My bread intake has quadrupled thanks to these babies. My handsome husband's bread making skills are getting good. So good. Thanks to Herman our sourdough starter ...Oops, that reminds me I totally forgot to stir him yesterday- I need to try harder to not kill him while Dan's on a work trip this week... Anyway, Herman, dear Herman has been filling our house with amazing sourdough bready goodness. There's something incredibly comforting about always have fresh bread in the house.
The crust is perfectly crunchy. The inside is soft and chewy with just the right level of sour flavor. I am obsessed with this bread. I eat it all the time. It makes perfect toast. It makes perfect sandwiches. It makes the perfect snack as a vehicle for anything- butter, jams, or just a sprinkle of salt and some delicious extra virgin olive oil.
Just look at all of the deliciousness supported by the sourdough.
I know, I know, white flour is no bueno, but it's sooo good. We'll eventually move towards whole wheat and farro and spelt bread, but in the meantime, my studly husband is honing his craft, which I 1000% support.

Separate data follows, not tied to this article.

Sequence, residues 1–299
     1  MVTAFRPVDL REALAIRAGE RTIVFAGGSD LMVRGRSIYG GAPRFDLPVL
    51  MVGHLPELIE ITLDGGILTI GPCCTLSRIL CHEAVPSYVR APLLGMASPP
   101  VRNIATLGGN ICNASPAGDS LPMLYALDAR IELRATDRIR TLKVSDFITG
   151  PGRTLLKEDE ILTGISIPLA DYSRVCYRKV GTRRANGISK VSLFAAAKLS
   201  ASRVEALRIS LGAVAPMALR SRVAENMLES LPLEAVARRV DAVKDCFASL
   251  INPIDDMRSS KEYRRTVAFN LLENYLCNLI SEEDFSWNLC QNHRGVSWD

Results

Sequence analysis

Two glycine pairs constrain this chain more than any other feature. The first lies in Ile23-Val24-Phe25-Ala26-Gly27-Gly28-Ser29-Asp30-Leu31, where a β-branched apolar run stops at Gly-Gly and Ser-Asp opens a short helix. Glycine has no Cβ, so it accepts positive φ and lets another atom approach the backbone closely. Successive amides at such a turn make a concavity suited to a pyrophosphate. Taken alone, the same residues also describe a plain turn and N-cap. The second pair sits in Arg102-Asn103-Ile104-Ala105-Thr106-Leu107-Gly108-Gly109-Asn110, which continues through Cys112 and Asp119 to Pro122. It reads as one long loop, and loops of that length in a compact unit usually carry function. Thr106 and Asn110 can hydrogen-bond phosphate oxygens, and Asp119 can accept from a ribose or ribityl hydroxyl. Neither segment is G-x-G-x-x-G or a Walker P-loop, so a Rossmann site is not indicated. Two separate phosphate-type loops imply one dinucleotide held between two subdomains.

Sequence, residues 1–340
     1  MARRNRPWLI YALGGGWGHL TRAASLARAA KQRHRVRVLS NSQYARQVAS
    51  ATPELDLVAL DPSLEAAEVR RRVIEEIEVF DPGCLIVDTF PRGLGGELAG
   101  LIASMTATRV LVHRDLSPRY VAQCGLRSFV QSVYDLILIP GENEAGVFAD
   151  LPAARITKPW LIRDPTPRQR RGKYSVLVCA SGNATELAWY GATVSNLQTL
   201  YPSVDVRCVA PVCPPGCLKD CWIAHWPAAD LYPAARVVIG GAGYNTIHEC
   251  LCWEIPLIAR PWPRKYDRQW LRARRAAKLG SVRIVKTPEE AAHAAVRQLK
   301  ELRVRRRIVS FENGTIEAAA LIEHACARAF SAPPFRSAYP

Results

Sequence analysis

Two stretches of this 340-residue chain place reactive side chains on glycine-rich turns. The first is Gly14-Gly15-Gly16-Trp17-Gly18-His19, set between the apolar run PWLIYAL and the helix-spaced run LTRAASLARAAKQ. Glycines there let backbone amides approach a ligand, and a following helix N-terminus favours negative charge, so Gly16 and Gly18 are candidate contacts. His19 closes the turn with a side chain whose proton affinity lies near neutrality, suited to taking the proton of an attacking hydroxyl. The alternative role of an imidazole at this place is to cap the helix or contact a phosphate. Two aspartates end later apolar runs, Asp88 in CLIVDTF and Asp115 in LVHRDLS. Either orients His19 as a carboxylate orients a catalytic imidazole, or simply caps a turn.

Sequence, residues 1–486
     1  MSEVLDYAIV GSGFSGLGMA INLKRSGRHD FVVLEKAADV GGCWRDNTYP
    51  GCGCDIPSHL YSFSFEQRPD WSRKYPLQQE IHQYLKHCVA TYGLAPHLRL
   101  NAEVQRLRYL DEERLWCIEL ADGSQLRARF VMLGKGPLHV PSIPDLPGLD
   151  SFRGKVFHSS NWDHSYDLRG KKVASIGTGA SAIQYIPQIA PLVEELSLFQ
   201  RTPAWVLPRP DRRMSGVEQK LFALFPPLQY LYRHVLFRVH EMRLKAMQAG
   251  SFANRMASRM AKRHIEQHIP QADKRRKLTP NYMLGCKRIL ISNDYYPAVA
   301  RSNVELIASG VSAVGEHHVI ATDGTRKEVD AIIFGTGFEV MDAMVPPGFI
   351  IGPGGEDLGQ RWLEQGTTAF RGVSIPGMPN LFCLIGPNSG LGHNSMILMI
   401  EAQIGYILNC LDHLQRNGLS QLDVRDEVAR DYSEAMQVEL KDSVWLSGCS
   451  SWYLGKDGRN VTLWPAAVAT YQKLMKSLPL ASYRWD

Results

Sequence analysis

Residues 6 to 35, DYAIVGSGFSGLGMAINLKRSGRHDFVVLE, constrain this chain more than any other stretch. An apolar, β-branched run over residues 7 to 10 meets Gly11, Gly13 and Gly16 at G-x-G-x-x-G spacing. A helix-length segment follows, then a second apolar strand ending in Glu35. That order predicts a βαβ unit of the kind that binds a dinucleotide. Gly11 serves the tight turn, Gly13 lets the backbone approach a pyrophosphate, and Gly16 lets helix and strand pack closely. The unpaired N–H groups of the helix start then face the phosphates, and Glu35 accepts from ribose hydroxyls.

Dan's Sourdough Bread (Adapted from the Splendid Table)
- 10 cups flour
- 4 to 4-1/2 cups water
- 3 1/2 teaspoons salt
- 1 cup of Herman
First, mix all the ingredients (except salt) just enough to incorporate everything. Then let the dough rest for 15 to give the flour time to fully absorb the water, the protein chains to lengthen and relax, and fermentation to begin.
After 15 minutes add salt. Then knead. And this is important. Knead for 10-15 minutes. No skimping! You want it to become an elastic smooth ball. So when you poke it- your finger makes a spoungy like imprint but then reforms. Now, you let it rest and ferment. Let it rise to double it's size, then punch it down by gently compressing and degassing it. This helps develop more flavors as the yeast has new reserves to feast on (whatever that means, Splendid Table.)
...This is as far as I got, Dan wrote the rest for me 🙂
Wait until it doubles in size again, and then punch it down again. Good bread needs a little punishment. Lightly knead the dough and make sure that when you put it back in your bowl it is still pretty elastic. If you poke it, it should spring back immediately. Now let it ferment until it nearly triples in size and then punch it down yet again.
Now it's time to split it apart. All your parts should be created equal, so weigh it out into 1.5lb parts. If you have bannetons, you can use them for the final proofing. If you don't, then use a bowl but line it with a linen cloth and then liberally coat that with flour before putting your dough in it.
Once the dough have doubled in size, prepare for their removal by putting down some semolina or cornmeal on the baking surface. Sprinkle semolina on the exposed part of the dough before gently removing from your bowls and putting them semolina side down for the baking. Shove them in the preheated 400 degree oven and allow to bake for roughly 40 minute or until the loaf sounds hollow when you thump it on the bottom. Again, more abuse, and the bread is better for it.